Your Brain on Cables
July 2, 2013
We got home on Saturday from our two weeks away. It was a two-part roots trip, to Croatia (home of Aunt Kathy’s maternal grandparents, both from the tiny island of Olib) and to our four kids’ literal fatherland, the town of Laupheim and the city of Ulm, in southern Germany. My travelog was in real time, on Instagram (where I am @kaygardiner and you are @annshayne, as God intended), but this picture is from the best day.
It’s a long ferry ride from Zadar to Olib–3 and a half hours–and then a long ride back. Knitting, a Big Linen Shirt, sunset over the Adriatic Sea: aaaaahhhhhhh.
Upon departure, I braggadociously predicted that I would finish my tunic-modified Whitby pullover (in Rowan Denim, if you’re just joining the program) during that two weeks. That was really just motivational speaking for myself.
But I did ok. I love having a project like this to get my teeth into in a really dedicated, monotheistic way. I enjoy the way a complex cable pattern never really gets automated–the center cable is 28 rows of differentness, after all–but it reveals itself, more and more, as you knit along. Your mind grasps onto its logic, in chunks. I was already working the front–more than 7 repeats into the sweater–before I noticed that the center cable does its actual twists on the same rows (the third row of every four) as the other two cable panels, and that the twists alternate direction. The purls move around on the other RS rows, so you are cabling, but the twists happen on the same row as the twists in the other, more regular and repetitive, panels. (Are you still with me?) Anyway, the center panel is so much easier after that epiphany; maybe I’m slow, but I get there. The chart is, finally, just a reference, a confirmation that I haven’t screwed up, a friend.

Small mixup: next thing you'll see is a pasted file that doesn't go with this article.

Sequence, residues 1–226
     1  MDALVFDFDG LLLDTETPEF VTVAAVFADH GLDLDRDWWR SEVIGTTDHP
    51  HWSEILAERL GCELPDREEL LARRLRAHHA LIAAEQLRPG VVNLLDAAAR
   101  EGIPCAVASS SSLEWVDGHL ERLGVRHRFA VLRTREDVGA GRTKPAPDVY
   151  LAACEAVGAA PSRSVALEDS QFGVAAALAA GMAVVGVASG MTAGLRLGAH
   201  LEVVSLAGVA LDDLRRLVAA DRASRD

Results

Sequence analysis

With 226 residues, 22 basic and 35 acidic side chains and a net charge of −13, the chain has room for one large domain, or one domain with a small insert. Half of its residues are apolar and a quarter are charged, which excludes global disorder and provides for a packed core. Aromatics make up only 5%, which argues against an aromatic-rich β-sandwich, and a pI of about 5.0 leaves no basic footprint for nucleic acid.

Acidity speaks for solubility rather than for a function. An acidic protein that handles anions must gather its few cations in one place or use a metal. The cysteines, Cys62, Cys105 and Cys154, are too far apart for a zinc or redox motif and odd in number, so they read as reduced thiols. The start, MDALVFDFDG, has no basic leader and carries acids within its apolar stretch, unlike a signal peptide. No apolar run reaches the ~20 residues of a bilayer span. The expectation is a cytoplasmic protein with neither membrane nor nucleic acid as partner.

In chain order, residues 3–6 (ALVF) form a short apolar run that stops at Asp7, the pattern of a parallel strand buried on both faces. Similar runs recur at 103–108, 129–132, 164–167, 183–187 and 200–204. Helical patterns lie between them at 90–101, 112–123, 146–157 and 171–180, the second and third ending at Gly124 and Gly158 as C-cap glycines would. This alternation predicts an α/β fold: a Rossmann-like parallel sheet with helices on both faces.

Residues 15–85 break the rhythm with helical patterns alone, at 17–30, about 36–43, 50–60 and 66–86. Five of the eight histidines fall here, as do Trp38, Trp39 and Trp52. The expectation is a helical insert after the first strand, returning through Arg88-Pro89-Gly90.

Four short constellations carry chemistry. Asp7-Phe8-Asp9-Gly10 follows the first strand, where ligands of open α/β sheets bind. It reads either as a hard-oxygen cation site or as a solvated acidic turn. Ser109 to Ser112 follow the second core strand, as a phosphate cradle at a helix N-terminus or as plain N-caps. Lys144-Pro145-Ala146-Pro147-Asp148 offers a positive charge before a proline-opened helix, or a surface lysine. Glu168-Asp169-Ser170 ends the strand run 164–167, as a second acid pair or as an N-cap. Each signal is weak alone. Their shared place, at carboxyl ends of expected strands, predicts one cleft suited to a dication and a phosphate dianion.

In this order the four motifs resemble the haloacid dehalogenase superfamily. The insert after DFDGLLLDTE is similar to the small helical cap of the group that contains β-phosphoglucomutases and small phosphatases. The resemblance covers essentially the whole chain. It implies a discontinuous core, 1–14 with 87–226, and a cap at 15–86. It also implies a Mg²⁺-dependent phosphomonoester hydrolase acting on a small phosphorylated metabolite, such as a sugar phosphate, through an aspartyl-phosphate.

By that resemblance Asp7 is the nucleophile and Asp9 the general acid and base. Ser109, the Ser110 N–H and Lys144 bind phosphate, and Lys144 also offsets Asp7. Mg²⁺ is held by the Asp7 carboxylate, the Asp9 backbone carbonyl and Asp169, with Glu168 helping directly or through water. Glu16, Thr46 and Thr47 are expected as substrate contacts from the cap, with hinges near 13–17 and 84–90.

Another great memory: the time in Munich when Joseph and I were too hungry to go to a restaurant and order lunch with the others, so we ate panini and pretzels in the Viktualienmarkt, where of course there is a beer station, and of course regulars just throw a token into a box instead of waiting to pay with money. I had a moment of Token Envy that was quickly soothed by a half liter of beer that really is more delicious there, under the trees, sharing picnic tables with day-drinking locals and grannies having fried fish alfresco, than anywhere else.
What have you been up to, my Ann?